The evolution of quantum dot materials and technologies

The evolution of quantum dot materials and technologies
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Dr Khasha Ghaffarzadeh, the research director of IDTechEx, analyses quantum dot materials and technologies, and assesses the evolution of downconverter technology beyond phosphors.

The following report discusses the merits of quantum dot materials and technologies as the ultimate phosphors.

Quantum dots (QDs) are often billed as the ultimate, or at least as the next generation of, phosphors. The main driver often is the QDs’ ability to act as ultra-narrowband downconverters, resulting in extremely wide colour gamut displays and efficient and high CRI solid state LED lights.

In this article, we will explore the merits of quantum dots as ultimate phosphors. In the IDTechEx Research report Quantum Dot Materials and Technologies 2018-2028: Trends, Markets, Players, we provide a much more detailed and quantitative benchmarking of the two technologies. Furthermore, our report also provides a detailed analysis of QD material development and progress for various applications, examining trends towards alternatives to Cd-based QDs including InP and perovskite chemistries, improved QD stability, enhanced blue absorbance, reduced self-absorption, increased computability with various processing mediums such as inks or resins, and so on.

Phosphor converted LEDs (pc-LEDs) are in many display and lighting applications. There, they enable a single LED to achieve while color. This is commonly done by mixing yellow plus red phosphors within the LED packaging. There are of course other ways of achieving white colors such as having three LEDs, or mixing three phosphors each for a different color, and so on.

To enable this application and to ride the rising wave of LED sales, numerous new phosphor compositions have been developed in recent years. These phosphors have had to satisfy several criteria: strongly absorb the blue of the LED, achieve high efficiency, exhibit high chemical, light, heat and humidity stability, suffer from minimal heat or light quenching, offer low cost and a composition free of toxic elements, and so on.

These requirements, more challenging that those previously encountered and solved for CRT displays and fluorescent lights, unleashed a worldwide research and screening effort. Consequently, many families of phosphors (nitride, fluorides, etc) were developed, largely addressing most requirements.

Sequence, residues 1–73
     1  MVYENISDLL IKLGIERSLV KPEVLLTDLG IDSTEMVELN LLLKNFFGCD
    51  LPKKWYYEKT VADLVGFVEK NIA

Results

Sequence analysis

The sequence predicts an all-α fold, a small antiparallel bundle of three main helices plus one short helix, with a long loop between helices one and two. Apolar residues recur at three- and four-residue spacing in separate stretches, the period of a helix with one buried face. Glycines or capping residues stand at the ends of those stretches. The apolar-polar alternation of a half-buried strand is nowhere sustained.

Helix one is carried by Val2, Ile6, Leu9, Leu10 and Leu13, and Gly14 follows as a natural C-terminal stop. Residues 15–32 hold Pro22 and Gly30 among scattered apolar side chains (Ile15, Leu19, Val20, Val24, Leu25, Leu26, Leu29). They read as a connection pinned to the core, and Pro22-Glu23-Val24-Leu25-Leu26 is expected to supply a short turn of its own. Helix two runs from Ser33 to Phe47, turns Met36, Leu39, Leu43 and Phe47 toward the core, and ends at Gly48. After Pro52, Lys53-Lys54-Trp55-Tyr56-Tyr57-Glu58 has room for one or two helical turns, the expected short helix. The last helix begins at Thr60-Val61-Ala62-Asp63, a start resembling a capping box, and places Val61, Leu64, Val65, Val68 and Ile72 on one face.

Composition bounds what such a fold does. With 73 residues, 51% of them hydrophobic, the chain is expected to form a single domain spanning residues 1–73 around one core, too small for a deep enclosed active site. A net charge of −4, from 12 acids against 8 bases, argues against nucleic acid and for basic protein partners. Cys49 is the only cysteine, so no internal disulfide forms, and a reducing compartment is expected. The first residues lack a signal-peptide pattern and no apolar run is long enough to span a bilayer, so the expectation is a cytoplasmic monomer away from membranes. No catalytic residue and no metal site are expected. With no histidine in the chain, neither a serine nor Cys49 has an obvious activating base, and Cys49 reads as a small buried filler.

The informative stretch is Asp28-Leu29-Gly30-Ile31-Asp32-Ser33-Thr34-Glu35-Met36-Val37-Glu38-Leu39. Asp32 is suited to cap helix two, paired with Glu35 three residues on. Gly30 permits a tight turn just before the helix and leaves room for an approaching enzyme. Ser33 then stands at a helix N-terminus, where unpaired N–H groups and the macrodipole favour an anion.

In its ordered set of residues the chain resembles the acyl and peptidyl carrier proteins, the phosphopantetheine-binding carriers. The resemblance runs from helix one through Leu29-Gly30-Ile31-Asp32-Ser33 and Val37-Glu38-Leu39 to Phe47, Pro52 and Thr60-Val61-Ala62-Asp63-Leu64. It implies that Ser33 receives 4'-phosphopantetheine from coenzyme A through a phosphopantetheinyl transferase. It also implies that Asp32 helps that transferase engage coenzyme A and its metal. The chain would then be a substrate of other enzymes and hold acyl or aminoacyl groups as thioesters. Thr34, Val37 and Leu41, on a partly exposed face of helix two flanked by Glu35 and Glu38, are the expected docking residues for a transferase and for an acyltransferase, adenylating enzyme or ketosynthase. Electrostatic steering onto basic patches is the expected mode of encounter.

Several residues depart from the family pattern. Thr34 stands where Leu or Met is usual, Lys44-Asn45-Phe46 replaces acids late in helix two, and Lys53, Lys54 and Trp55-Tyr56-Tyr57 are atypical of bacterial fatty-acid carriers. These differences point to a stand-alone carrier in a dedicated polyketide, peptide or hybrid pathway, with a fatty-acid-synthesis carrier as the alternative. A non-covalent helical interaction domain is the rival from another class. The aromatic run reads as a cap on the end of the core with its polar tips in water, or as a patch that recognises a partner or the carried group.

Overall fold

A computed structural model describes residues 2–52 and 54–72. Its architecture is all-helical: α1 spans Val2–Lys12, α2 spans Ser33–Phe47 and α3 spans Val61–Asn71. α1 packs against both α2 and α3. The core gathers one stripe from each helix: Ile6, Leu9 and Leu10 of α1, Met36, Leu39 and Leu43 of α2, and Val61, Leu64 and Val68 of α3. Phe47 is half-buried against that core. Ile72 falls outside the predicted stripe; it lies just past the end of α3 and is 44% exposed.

However, one persistent problem often remained: phosphors had wide emission bandwidths even for single color ones. This was particularly an issue for red phosphors because red sits at the edge of the sensitivity spectrum of our eyes. As such, broadband red phosphors would re-emit light in wavelengths outside the eye’s sensitivity range, thus wasting it and lowering overall efficiency.

To overcome this, various narrowband phosphors have been developed in more recent years with notable success. The fluoride KSF (K2SiF6:Mn) phosphor is a leading example. It gives five 2nm emission lines in the red range. Another example is SLA (SrLiAl3N4:Eu) which gives 50nm FWHM in the red.

The former is superior to any QD in terms of the narrowness of emission band, however it has some limitations in that its five emission peaks are slightly off-target and that it has a long photoluminescent decay time (on the order milli seconds). The latter, of course, is still not as narrow as QDs (see below section for more details).

Note that the development of narrowband phosphors was never just limited to red, although the need for red was most pronounced. Green phosphors were also developed. One example is β‐SiAlON which gives a FWHM around 55nm.

Why quantum dots?

The question is: why bother with quantum dots given that phosphors achieve maturity, stability, and even narrowband emission including for red? The answer is to be found in the potential for the simultaneous satisfaction of all criteria, including narrow emission, high conversion efficiency, control over emission wavelength, fast PL decay time, small particle size, and so on. This, if achieved, will potentially represent the ultimate downconverter material.

Dr Ghaffarzadeh will be featuring in our December publication, SciTech Europa Quarterly issue 29, to discuss the major market trends of quantum dot films in displays and the commercialism of thin films.

For more about the report, Quantum Dot Materials and Technologies 2018-2028: Trends, Markets, Players, visit www.IDTechEx.com/QD or contact research@IDTechEx.com.

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